The Washington Times - March 22, 2013, 01:07PM

VIERA, Fla. — The Washington Nationals do not have much mystery surrounding who’ll be on their 25-man roster heading north to D.C. next week. They haven’t exactly had position battles ongoing throughout the spring and they’ve been fortunate to get through the first six weeks of camp with few casualties to injury.

But that doesn’t mean they are without decisions to make or moves to finagle before rosters must be set.


Right now the two biggest wild cards are right-hander Chris Young, and infielder Carlos Rivero. 

So let’s take a look at each player’s situation, case and what could happen to them in the next week or so.

Carlos Rivero: The Nationals claimed Rivero on waivers before the 2012 season when the Philadelphia Phillies tried to outright him and clear space on their 40-man roster. Rivero, who had an option remaining at the time, put together a strong season at Triple-A Syracuse with the Nationals. 

Rivero hit .303 with a .347 on-base percentage, 10 home runs and 28 doubles in Triple-A and the Nationals have played him on the left side of the infield as well as in the outfield this spring.

But he entered the spring without an obvious spot on the Nationals’ 25-man roster and without any minor league options remaining on his contract.

Asked early in spring what’d it take for Rivero to make the team, manager Davey Johnson was honest: an injury to Tyler Moore. So far, Moore has been healthy and playing well. 

So the Nationals have a few options. They can attempt to trade Rivero in the next few days, or they can try to sneak him through waivers and hope no one else claims him. In that case, Rivero would remain in the Nationals’ system and go back to Triple-A. It sounds as though the Nationals would prefer to try the latter, and one scout said recently the team hadn’t been pushing too hard to attempt to drum up interest.

“We’ve got some tough decisions to make,” Nationals general manager Mike Rizzo said on Friday. “It looks like he’s not going to make the 25-man roster, and we’ll know what other teams think of him by the fact that he gets through or he doesn’t.

“He’s a good player, though. He’s a versatile player. He’s a guy that could help some teams. But at this time of year, I’m not sure if he fits for somebody else or not. We’ll see shortly.”

Chris Young: Young’s situation is a bit different than Rivero’s in that he has a say over what happens next for him. The veteran right-hander was brought into camp as starting pitching depth but he has an out clause in his minor league deal that he can exercise on March 24.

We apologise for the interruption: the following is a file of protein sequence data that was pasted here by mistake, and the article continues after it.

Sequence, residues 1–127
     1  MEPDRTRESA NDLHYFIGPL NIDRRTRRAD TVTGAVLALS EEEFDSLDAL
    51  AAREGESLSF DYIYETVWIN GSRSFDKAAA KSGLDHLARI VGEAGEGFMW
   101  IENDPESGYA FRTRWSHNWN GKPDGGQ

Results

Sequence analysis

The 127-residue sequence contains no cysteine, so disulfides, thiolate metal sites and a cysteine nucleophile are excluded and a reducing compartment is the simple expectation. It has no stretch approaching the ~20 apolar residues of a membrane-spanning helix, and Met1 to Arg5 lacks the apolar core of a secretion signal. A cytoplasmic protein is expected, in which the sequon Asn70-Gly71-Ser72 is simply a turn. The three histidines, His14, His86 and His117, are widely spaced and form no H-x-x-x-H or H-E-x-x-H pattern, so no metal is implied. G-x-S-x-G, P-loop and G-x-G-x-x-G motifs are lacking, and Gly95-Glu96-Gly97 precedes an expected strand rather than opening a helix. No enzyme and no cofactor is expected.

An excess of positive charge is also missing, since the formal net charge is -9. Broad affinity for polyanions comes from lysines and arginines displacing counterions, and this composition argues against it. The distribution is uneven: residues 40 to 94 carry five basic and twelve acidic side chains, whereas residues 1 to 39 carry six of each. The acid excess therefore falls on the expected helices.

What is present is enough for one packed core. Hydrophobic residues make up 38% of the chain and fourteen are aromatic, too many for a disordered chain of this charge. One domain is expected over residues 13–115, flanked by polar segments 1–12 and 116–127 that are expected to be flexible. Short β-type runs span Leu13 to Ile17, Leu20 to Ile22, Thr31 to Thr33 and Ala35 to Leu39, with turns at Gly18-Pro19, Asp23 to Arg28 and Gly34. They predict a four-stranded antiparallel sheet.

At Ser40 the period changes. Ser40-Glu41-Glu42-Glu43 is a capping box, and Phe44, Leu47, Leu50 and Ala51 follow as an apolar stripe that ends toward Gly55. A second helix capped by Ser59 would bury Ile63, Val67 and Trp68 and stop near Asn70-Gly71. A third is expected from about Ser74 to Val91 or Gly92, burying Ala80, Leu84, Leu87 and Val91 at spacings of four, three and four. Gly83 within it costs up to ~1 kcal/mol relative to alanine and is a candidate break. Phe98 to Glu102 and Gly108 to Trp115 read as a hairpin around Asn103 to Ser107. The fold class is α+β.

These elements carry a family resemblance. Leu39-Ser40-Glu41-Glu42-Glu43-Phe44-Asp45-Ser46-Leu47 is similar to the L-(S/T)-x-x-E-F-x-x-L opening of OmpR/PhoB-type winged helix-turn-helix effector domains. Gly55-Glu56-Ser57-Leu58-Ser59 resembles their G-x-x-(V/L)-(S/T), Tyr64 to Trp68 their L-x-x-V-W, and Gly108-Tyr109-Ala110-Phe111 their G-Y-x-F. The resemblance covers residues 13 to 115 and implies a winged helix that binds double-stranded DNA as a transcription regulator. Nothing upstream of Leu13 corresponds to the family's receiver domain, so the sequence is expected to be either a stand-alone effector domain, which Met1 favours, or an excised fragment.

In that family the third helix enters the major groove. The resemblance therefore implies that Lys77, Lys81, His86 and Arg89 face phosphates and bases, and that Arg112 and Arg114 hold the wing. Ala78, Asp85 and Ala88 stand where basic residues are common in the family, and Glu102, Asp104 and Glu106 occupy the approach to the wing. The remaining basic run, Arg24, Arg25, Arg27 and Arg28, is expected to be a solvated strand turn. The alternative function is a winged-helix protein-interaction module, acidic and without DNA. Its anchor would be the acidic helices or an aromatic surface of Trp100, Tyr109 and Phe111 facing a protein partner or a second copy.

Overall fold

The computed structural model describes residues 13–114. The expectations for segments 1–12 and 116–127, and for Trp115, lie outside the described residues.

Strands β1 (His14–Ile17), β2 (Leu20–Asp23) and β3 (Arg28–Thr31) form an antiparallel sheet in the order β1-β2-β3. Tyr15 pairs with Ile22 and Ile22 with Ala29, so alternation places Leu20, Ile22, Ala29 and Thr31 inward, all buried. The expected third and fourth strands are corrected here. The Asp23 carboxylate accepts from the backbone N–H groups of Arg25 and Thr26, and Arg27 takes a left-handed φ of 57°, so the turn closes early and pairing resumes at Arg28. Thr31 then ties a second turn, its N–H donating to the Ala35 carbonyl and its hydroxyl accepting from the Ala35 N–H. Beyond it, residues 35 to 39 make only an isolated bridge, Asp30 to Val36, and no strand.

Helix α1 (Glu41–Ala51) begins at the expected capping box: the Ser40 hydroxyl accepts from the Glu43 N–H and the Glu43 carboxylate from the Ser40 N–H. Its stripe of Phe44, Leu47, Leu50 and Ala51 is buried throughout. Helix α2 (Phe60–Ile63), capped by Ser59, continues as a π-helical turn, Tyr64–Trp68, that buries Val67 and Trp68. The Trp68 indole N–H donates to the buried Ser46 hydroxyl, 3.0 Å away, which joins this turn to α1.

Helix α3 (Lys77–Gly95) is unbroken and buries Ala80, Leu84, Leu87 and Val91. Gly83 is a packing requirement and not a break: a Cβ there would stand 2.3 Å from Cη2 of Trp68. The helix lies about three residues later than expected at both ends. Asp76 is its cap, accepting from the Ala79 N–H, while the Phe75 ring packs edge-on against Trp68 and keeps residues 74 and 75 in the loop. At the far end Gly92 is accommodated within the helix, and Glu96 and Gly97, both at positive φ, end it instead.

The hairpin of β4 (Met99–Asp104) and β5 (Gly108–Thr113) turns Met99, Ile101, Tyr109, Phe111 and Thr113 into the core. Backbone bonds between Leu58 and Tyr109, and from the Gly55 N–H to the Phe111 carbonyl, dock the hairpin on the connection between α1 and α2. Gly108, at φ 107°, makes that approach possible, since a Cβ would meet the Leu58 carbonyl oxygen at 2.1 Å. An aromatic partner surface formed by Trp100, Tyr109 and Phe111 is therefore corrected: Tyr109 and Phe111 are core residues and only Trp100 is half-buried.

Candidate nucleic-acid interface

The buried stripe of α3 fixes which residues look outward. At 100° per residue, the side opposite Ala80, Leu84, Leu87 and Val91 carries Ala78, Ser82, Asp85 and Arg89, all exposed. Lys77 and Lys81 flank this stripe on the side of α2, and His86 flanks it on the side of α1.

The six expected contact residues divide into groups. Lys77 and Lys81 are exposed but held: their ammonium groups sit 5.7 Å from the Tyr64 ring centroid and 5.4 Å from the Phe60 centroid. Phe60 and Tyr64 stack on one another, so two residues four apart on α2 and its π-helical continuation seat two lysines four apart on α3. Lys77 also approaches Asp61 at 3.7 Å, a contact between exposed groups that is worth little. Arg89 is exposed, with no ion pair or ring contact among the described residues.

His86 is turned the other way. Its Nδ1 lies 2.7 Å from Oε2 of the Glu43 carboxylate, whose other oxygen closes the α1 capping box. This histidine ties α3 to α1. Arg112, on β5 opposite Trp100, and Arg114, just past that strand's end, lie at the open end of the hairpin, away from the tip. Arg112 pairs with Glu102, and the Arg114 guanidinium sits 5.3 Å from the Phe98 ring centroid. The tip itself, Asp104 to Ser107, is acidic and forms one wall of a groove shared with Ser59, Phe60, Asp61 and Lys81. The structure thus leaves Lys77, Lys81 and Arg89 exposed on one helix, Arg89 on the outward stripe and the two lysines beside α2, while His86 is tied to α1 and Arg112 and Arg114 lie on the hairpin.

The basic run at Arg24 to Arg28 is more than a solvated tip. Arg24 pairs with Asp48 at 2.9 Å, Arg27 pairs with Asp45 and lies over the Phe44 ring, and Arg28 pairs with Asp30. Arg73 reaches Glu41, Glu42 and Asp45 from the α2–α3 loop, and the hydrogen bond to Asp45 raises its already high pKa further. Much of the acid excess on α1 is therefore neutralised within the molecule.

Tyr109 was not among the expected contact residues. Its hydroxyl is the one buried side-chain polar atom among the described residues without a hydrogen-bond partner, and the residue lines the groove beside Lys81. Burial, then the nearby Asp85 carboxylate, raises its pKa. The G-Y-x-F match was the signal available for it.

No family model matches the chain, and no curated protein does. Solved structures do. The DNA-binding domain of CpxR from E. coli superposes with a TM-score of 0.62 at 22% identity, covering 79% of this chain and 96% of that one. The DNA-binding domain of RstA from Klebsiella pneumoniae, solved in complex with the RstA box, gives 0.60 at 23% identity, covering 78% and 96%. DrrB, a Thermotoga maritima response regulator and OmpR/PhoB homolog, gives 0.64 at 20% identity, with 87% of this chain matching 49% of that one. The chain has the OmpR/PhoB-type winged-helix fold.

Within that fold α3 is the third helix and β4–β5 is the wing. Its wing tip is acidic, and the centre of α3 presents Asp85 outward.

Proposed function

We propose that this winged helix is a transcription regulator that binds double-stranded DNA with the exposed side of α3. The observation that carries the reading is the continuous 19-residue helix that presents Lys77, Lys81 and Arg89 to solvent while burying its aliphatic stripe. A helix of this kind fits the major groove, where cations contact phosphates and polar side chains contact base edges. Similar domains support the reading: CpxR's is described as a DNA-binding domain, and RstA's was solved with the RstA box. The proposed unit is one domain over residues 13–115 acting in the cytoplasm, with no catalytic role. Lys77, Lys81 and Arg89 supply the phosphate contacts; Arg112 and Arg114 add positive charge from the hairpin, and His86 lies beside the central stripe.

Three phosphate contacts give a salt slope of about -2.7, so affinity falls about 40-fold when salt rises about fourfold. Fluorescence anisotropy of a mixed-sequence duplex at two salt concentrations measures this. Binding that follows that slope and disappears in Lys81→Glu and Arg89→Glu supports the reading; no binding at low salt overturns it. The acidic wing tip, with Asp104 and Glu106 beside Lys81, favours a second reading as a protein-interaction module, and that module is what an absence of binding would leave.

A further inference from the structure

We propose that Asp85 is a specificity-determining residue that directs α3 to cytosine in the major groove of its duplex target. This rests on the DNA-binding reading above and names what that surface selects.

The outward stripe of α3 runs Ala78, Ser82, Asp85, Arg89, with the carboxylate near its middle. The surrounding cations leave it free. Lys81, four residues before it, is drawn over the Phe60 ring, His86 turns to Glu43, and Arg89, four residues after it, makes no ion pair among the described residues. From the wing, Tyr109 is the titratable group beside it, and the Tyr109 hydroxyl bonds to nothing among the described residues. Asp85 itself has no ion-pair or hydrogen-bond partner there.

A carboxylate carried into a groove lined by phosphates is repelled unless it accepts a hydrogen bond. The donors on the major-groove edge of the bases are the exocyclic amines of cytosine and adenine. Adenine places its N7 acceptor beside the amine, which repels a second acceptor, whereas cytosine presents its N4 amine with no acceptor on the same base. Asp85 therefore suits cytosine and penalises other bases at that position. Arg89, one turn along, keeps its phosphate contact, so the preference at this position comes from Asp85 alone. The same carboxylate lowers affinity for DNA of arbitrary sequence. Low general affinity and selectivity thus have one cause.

The Nationals would love to keep Young in the organization so he can serve as a possible sixth starter if an injury arises in the team’s rotation. But they’ve also made it clear that if he has a major league opportunity elsewhere, they won’t stand in the way of him taking it.

“Players like that, I like to do what’s best for the player,” Rizzo said, referring to veteran players the team brings in on minor league deals. “If he has an opportunity to pitch in the big leagues, we’re certainly not going to keep him in the minor leagues. I think that’s only right. That’s how we get players like this to come here, under these conditions. They know we’re going to do right by them and treat them well.”

According to two sources familiar with the deal, the Nationals would owe Young a $100,000 retention bonus if he does not opt out and the team chooses to keep him. For a team that paid $5 million for John Lannan to pitch in Triple-A in 2012, that doesn’t seem like a sum that would be a total deterrent to keeping what could be a valuable insurance policy for the starting rotation.

But if Young has a major league offer, and he’s admitted he will have to figure out if he does, the choice is his.

“We love Chris Young, we always have,” Rizzo said. “We think he’s coming along, and I think the guy you’re seeing, once he really gets command of his stuff and the longer he pitches in spring training, I think he’ll really find himself command-wise… We got him for depth and I think he’d be a good depth guy for us.”

Outside of Young, the Nationals will rely on Ross Ohlendorf, Yunesky Maya and Ryan Perry as their primary starting pitching insurance. Once Christian Garcia is allowed to resume baseball activities and gets stretched out into a starter, he could be an option as well.